When you can get it: NIPT can be performed as early as 9 weeks into your pregnancy, earlier than any other type of prenatal testing.

You’ll get results in: A few days to a week or more, since your blood draw is sent to a lab for testing.

How accurate is it? Around 99 percent. 

Chorionic villus sampling (CVS)

What it is and how it works: Chorionic villus sampling (CVS) is an invasive diagnostic test that analyzes a baby’s genetic makeup and screens for chromosomal abnormalities. The test is usually reserved for moms who are higher risk, since it slightly elevates your risk of miscarriage. CVS is typically performed by a maternal fetal medicine specialist, who takes a sample of your baby’s placental cells through your vagina or cervix or by inserting a thin needle into your abdomen. 

When you can get it: CVS is typically performed between 10 and 13 weeks. 

You’ll get results in: Two or more weeks.

How accurate is it?: Around 98 percent. 


What it is and how it works: Like CVS, amniocentesis is another invasive diagnostic test that looks at your baby’s genetic makeup to screen for chromosomal abnormalities. The procedure uses a needle to extract amniotic fluid from the uterus. Since amniotic fluid contains your baby’s cells and other chemicals, it can provide information about your little one's genetics — including gender. Since the test slightly raises the risk for miscarriage, it’s only recommended for certain high-risk pregnancies.  

When you can get it: Amniocentesis is typically done between 16 and 20 weeks, though it can also be performed later.  

You’ll get results in: A few days to a few weeks, depending on the type of lab that processes your sample.

How accurate is it: More than 99 percent.  

What should you know about at-home gender prediction kits?

Though at-home pregnancy tests are highly accurate when taken correctly, the same can’t be said of most at-home kits designed to predict your baby’s gender. Most of the tests, which you can find in some drugstores and online, claim to test for your baby’s sex hormones in your urine.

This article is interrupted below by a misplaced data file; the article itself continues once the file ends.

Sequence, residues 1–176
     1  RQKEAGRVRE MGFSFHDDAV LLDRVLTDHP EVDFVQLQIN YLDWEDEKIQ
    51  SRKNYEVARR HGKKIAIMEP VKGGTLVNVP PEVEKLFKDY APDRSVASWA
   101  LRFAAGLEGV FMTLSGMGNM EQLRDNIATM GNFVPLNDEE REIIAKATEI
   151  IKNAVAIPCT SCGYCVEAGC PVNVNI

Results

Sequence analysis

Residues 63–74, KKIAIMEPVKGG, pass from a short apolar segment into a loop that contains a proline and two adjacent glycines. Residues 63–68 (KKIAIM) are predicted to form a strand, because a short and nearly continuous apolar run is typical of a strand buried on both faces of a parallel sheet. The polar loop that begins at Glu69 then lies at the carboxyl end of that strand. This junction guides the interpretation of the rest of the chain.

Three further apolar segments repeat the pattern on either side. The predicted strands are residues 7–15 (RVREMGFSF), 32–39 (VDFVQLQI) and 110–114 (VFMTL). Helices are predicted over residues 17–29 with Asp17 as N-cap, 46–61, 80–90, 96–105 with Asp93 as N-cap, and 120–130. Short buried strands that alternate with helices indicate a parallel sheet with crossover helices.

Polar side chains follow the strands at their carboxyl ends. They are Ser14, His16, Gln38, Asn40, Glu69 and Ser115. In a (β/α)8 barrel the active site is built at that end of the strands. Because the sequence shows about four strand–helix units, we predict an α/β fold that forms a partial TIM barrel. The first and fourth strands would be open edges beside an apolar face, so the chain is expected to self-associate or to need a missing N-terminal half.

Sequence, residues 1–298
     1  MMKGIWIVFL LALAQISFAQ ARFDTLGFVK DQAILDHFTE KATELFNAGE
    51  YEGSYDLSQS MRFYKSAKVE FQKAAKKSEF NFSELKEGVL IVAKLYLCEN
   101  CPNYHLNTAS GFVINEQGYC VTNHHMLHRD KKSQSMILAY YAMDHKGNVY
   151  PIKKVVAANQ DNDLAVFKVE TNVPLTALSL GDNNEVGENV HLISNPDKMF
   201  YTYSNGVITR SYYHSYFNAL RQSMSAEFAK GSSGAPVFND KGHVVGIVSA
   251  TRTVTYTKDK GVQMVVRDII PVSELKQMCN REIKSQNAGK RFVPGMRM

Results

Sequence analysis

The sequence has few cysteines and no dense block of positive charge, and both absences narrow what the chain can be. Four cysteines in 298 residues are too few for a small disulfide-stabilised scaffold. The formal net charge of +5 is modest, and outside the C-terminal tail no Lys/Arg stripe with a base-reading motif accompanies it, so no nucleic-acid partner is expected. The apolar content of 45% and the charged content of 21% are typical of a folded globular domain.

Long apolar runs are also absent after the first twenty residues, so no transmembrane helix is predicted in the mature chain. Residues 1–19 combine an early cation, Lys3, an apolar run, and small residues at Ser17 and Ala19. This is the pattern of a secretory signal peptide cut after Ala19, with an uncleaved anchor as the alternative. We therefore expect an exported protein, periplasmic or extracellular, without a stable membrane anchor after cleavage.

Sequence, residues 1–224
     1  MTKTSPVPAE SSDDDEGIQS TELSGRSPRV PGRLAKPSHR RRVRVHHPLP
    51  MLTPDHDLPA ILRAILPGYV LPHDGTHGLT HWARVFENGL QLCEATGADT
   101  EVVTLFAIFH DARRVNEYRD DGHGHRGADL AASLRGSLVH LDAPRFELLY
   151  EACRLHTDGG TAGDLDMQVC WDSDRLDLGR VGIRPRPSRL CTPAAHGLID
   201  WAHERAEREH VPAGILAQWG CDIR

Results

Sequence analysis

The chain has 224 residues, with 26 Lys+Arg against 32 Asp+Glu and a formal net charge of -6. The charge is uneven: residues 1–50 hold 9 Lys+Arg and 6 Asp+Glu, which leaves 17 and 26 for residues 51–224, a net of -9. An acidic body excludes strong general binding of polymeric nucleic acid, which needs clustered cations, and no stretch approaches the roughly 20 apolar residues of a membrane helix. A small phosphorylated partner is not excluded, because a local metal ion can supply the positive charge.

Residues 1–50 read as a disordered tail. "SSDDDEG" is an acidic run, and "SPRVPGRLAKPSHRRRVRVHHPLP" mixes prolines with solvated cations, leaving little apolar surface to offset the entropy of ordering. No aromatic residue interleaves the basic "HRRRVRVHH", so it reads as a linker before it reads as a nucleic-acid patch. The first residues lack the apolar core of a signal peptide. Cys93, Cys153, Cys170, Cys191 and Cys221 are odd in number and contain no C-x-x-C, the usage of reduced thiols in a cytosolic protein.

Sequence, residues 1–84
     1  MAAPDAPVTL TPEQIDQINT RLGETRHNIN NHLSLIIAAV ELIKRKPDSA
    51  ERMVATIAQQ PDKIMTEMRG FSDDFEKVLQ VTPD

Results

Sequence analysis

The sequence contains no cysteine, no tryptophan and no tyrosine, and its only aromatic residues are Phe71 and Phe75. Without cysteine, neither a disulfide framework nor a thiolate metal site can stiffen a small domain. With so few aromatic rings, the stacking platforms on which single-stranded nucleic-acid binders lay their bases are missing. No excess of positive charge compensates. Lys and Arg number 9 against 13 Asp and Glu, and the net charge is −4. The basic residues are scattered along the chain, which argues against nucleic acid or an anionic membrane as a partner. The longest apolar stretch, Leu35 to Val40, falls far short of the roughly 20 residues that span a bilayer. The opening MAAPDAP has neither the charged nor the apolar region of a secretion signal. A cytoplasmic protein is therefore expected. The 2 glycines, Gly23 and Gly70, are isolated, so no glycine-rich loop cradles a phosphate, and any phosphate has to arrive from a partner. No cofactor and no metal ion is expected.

But experts agree that the results aren’t reliable, and even the tests themselves recommend waiting on making any gender-based decisions until you’ve had your ultrasound.

What about kits that find out your baby’s gender by testing your blood? Some research suggests that they could give you a definitive answer, however, there have also been reports of test manufacturers filing for bankruptcy after lawsuits from new moms who found out after giving birth that their results were wrong.

The bottom line? These kinds of tests aren’t worth counting on. Even though it can be hard to wait, you’re better off finding out your baby’s sex from an ultrasound or a prenatal test prescribed by your provider. But if you really want to try one, run it by your practitioner first. 

As for all those gender prediction old wives' tales? While they're certainly fun to read about, there's no science behind them (although there are a few research-backed signs that might indicate whether or not you're having a boy or a girl).

Waiting can be hard, but hey! Keeping two lists of possible names and nursery colors can be fun. And whether the reveal comes from an ultrasound or another type of prenatal test, your little one will be here before you know it.